Back in the lab, they simulated the temperatures that had been recorded at Admiral Reef during the cold weather event, testing the different corals' physiological responses at 12 C and 16 C (61 F), and then, after the corals' exposure to the cold, returned the temperature to 20 C (68 F). They found that although responses varied depending on the coral species, in general the stress of extended cold temperatures had an effect similar to that of high temperatures.
Kemp explained that corals depend on Symbiodinium, a type of symbiotic algae that lives inside them, for nutrition. Through photosynthesis, the algae produce sugars, which are passed on to the corals. "The cold temperatures inhibited photosynthesis in the algae, leading to a potential net loss of carbon transferred from the algae to the coral," said Kemp. He said that each coral species had its own unique type of Symbiodinium, some of which were better able to tolerate and recover from cold temperatures than others.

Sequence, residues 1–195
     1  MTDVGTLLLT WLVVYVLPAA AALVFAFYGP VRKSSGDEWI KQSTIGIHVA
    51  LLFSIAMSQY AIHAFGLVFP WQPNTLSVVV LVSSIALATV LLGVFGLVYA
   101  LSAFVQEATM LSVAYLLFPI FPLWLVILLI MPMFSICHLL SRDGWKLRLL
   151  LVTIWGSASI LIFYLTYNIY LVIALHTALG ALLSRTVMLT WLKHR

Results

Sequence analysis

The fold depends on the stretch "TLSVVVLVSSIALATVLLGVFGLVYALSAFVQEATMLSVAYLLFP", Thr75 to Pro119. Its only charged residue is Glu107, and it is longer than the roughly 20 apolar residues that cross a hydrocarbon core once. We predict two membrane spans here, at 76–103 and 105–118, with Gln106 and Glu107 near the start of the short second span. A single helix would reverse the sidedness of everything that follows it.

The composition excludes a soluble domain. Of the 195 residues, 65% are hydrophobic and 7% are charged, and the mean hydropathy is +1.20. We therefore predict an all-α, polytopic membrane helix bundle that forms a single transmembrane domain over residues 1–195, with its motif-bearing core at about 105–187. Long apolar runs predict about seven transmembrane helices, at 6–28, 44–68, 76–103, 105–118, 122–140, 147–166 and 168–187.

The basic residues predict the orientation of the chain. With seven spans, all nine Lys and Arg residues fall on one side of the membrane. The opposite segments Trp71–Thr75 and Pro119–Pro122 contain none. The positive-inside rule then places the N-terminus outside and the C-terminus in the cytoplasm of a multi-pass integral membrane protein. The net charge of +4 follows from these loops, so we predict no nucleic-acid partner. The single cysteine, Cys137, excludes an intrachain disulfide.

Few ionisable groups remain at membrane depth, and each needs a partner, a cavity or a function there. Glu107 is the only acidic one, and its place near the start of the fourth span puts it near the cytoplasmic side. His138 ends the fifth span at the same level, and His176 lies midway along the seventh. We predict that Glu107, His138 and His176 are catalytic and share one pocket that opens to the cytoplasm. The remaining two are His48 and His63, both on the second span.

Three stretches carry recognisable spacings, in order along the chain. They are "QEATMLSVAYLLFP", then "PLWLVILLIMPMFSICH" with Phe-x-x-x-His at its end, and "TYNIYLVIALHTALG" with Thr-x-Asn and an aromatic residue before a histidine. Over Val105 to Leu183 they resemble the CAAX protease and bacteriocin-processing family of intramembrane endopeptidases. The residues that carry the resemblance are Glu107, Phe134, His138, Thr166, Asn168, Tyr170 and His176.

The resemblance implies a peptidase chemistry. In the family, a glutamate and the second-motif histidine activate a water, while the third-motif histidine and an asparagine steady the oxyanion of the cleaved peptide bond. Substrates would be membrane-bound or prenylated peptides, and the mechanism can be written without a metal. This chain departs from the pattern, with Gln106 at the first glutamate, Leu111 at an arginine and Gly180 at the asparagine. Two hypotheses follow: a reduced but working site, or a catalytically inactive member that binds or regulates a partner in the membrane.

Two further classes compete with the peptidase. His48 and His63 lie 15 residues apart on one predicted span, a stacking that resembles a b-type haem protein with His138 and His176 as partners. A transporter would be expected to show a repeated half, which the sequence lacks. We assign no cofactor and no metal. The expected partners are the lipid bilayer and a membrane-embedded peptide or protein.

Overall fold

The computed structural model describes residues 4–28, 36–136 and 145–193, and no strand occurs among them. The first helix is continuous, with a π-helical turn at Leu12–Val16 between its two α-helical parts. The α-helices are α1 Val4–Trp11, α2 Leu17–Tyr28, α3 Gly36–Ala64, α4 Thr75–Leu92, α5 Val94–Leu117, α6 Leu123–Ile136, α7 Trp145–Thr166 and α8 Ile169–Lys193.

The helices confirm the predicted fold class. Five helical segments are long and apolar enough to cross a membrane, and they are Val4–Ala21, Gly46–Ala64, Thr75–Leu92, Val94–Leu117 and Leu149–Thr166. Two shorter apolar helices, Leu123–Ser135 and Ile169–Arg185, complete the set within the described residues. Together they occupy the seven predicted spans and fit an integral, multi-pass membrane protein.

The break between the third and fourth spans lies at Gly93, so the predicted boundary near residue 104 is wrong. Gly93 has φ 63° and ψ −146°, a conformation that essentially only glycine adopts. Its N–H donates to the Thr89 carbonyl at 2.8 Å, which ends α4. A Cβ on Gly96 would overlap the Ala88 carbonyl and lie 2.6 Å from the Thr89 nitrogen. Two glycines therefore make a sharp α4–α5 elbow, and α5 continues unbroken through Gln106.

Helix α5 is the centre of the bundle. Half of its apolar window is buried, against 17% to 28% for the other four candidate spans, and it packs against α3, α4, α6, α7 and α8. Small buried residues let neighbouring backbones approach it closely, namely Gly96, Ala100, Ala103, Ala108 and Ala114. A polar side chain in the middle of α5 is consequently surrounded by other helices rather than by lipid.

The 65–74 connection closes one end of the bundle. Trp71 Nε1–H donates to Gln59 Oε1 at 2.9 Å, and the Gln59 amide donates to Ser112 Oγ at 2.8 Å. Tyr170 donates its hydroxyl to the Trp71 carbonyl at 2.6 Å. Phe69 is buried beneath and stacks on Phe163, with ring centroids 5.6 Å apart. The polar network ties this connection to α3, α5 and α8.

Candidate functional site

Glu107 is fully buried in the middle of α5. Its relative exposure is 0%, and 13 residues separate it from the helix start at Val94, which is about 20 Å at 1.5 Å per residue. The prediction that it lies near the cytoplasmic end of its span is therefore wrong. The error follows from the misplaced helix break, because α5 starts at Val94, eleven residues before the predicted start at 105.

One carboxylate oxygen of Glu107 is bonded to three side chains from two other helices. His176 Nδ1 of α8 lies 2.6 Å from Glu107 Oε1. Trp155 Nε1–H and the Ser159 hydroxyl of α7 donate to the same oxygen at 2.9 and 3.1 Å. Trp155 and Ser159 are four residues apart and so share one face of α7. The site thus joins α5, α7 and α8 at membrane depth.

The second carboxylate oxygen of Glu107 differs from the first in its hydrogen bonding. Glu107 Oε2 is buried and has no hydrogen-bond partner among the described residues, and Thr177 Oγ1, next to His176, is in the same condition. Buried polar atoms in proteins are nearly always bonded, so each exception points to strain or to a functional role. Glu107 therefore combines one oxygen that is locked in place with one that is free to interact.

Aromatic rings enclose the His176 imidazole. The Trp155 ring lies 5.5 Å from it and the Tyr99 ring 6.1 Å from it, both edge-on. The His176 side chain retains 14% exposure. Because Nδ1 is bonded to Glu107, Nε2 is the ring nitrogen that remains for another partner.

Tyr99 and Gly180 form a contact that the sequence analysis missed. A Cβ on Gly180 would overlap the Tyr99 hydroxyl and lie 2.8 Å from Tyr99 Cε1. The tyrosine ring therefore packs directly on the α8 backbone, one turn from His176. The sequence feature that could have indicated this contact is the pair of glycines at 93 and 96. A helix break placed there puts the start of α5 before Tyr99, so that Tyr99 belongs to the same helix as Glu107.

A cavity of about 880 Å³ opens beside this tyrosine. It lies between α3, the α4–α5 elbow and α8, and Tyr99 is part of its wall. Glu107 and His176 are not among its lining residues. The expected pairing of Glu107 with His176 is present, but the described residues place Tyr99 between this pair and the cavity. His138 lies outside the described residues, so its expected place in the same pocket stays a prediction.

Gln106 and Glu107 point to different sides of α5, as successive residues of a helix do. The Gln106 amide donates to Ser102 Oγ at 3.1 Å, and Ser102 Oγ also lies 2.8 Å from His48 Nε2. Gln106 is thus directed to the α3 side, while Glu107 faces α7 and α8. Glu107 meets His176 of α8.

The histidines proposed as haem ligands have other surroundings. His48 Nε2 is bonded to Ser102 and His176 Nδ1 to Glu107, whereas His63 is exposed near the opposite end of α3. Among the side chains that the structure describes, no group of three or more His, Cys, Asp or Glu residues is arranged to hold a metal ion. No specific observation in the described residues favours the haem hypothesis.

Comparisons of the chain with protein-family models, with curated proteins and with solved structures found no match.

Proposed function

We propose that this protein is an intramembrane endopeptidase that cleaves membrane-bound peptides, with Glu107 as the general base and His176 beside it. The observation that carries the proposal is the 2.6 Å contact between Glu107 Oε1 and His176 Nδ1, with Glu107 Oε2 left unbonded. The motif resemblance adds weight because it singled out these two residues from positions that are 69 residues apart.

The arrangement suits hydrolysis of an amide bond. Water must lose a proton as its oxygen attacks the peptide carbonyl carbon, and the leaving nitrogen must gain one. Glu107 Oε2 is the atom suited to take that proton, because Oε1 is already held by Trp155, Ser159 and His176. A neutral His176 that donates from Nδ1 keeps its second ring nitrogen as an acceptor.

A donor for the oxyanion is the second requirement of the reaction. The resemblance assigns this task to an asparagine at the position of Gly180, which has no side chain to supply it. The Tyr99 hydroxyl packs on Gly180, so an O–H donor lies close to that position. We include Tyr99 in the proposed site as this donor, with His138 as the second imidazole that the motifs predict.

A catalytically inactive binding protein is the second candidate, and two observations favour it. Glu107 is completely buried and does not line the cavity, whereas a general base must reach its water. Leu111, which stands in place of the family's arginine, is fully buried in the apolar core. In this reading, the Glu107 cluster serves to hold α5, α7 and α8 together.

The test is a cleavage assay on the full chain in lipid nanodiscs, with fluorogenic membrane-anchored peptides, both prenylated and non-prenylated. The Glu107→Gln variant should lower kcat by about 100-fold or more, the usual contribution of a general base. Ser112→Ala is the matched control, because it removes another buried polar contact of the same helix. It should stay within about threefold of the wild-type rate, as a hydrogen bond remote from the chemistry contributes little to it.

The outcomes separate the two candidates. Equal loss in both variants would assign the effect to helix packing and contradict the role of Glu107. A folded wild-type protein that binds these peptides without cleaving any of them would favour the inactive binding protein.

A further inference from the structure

All of the corals experienced a significant decrease in photosynthesis at 12 C. Siderastrea siderea and M. faveolata were able to handle the 16 C temperatures, but P. astreoides was not, and did not show signs of recovery once the temperature was returned to 20 C. Siderastrea siderea was the only coral able to recover.
"Corals and their symbiotic algae have a range of stress tolerance," said Kemp. "Some can handle moderate stress, some are highly sensitive, and some are in between. But extreme cold is
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University of Georgia